Encourage schools to participate in some of the national academic competitions in which Washington State is sorely underrepresented -- not only can these opportunities be motivating for kids, and be great resume boosters for college admissions, they have also been seen to boost neighborhood morale about a school in other areas. Recruit local corporate sponsors to fund activities like this.

Reduce administrative staff, and redirect funds towards having a counselor or psychologist in every school who can work with teachers, students, and families to address bullying, social skills, disruptive classroom behavior, etc.

Either expand NOVA to include middle school, or create a middle school version of NOVA at a different site. Consider expanding the Center school to include middle school as well if space is available.

Expand participation in UW in the High School.

Create teams (including a social worker and an experienced principal) to investigate every suspension and expulsion in the district to see how it could have prevented, and work to immediately implement changes, staff re-education, etc. as indicated. Learn from how hospitals handle mortality and accident review processes -- those have had a huge impact in a very cost-effective way, and many of the same strategies can apply.

Look into the feasibility of year-round school with 3 one-month breaks instead of one three-month summer break. Research to date suggests that it may be helpful in addressing achievement gaps.

Every time a new curriculum needs to be decided on / acquired, formally prioritize the degree to which it helps create equitable access to learning. Whether curriculum materials successfully remove barriers that keep all students from learning their best should be prioritized over what fancy extras a curriculum comes with. Our current move towards a math curriculum that is less literacy-dependent is a great example of forward progress in this domain.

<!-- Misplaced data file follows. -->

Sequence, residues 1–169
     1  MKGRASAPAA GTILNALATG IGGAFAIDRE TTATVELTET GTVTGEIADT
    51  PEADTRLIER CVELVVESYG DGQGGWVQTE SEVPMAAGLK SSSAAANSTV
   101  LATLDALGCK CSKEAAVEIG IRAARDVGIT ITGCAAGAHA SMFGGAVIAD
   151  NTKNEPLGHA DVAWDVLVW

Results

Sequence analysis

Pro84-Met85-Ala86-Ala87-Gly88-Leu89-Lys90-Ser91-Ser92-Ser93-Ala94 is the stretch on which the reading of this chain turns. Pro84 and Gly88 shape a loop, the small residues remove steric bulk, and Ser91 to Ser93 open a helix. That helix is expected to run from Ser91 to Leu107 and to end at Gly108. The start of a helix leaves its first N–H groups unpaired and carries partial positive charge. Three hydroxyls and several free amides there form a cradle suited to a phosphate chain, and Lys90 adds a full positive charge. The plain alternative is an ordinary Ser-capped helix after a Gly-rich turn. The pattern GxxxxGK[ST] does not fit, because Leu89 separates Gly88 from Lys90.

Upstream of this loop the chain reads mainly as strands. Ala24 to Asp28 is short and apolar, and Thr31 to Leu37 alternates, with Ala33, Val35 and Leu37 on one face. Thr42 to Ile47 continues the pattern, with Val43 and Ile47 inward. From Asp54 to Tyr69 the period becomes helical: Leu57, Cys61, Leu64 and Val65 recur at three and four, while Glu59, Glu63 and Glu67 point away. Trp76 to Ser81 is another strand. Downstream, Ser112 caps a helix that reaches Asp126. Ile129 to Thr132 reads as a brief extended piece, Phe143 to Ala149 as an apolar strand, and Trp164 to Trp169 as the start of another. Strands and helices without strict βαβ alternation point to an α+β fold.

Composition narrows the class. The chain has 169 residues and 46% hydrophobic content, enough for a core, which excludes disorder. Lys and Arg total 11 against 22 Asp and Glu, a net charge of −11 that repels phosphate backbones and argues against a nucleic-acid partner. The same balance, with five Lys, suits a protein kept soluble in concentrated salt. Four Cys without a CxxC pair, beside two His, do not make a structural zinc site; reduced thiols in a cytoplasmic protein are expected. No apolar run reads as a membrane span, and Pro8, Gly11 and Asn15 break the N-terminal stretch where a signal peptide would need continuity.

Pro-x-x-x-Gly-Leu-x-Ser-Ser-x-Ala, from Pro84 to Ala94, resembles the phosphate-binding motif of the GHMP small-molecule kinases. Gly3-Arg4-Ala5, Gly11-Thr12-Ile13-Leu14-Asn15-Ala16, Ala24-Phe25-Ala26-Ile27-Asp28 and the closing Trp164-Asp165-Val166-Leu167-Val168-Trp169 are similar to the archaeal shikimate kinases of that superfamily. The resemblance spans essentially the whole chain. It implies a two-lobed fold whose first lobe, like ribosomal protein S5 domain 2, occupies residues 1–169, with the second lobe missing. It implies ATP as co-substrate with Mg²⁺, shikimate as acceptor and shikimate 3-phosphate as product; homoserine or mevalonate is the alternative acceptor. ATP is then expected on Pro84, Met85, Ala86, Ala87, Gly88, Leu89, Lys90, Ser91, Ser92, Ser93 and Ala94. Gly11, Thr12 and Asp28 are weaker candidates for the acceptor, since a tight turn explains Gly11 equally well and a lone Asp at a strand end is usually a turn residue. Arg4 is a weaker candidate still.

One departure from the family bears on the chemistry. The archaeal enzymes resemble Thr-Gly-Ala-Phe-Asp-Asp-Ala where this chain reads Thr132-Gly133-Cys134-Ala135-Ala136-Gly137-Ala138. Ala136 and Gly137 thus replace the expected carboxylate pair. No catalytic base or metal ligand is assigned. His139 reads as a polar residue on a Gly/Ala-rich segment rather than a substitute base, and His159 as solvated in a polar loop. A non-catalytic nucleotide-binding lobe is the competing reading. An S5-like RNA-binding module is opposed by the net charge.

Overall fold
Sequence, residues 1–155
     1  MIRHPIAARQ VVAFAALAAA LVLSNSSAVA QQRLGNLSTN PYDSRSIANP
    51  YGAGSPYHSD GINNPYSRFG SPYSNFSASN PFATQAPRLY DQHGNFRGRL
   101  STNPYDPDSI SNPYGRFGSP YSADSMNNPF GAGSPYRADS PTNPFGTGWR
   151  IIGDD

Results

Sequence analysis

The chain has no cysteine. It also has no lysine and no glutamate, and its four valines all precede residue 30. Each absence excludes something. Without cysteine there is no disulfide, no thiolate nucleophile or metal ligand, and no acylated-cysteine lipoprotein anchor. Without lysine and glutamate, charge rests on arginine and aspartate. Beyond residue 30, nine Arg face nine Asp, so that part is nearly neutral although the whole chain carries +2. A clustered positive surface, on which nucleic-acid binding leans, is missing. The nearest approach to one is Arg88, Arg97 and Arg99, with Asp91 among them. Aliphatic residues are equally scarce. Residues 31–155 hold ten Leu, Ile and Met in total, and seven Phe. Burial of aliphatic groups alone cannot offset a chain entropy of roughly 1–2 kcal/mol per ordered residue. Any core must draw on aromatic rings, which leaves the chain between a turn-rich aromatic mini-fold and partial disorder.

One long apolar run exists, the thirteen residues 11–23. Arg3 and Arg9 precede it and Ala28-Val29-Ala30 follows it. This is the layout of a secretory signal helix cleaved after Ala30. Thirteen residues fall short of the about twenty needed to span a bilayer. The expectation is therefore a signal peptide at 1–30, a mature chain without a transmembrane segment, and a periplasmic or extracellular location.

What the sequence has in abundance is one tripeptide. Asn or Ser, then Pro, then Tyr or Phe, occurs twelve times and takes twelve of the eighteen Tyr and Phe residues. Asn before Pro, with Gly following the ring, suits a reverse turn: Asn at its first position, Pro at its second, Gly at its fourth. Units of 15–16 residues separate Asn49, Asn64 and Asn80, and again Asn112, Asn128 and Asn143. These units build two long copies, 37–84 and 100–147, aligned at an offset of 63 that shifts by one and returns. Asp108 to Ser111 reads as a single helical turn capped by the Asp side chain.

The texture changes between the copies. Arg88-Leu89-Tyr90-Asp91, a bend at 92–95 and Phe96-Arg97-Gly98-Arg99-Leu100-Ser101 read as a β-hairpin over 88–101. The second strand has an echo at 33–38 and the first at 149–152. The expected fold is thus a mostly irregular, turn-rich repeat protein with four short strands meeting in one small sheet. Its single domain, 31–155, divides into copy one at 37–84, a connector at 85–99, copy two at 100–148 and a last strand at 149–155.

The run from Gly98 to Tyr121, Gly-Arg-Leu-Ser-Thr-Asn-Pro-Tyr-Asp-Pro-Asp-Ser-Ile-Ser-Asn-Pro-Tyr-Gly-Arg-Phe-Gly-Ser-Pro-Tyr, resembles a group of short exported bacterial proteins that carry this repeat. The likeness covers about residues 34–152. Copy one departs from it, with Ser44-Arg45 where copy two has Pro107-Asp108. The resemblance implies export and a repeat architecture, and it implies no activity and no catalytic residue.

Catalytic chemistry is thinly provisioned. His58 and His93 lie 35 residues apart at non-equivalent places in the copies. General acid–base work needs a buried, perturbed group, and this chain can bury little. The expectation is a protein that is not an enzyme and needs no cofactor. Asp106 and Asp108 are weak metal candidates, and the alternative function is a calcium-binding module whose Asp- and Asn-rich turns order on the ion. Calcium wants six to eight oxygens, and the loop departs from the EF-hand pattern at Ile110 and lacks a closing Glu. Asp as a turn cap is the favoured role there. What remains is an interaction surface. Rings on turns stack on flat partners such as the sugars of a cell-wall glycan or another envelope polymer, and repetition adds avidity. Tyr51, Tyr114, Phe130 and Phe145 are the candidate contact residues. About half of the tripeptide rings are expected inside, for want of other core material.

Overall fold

Anonymous said...

If I ...

1. Stop the WP project for solid, serious reanalysis and a new plan. Do the analysis recommended in the FAcMAc memo suggesting WP become a high school instead of Lincoln, and Lincoln become the middle school. It matches the spaces to the needs of the kids. So at least give it a try. (Banda did nothing to respond to one of the best documents ever to come out of a citizen committee - that's Meg Diaz, Kelli LaRue and the rest of the group).

2. Set up meetings with the mayor, city council and city bureaucrats. SPS needs to find property - perhaps from the city at Discovery Park/old Fort Lawton - that has to be worked at the mayor/Supe level. They need to synchronize Metro and high school schedules, coordinate crosswalks and light installation/upgrades and sidewalk construction (WHY can't they get sidewalks on that small stretch of road by North Beach, just one side at least, for instance? I know it's expensive, but PLEASE! And that's replicated all over the city - let's get SPS and city DOT and sidewalks coordinating at the mid-level, where the work gets done.) SPS needs to learn about housing starts and large developments, and just in general build much stronger ties w/city. This is perhaps the weakest city/school district tie in the country, I bet. And that's the Supe's job to strengthen it, and to hook SPS leaders at all levels up with the correct people in the city.

And don't get me started on the rest. But those two things -- reconsidering and fixing Wilson Pacific and trying to get access to the large parcel of city land at Fort Lawton - don't even involve tilting at the massively entrenched bureaucracy at JScEE.

Signed: DRAFT GREGOIRE

Too Central said...

I'd just to see a better central administration.

I think this starts with a cultural change. Every hire in central administration should be judged by whether it is better than hiring another teacher. Every project in central administration should be judged on whether it obviously improves student education and obviously is better done in central than down in each school. Central administration should be judged on whether it is helping students, teachers, and the schools and, if it is not clearly obvious that it is, it should stop doing what it is doing.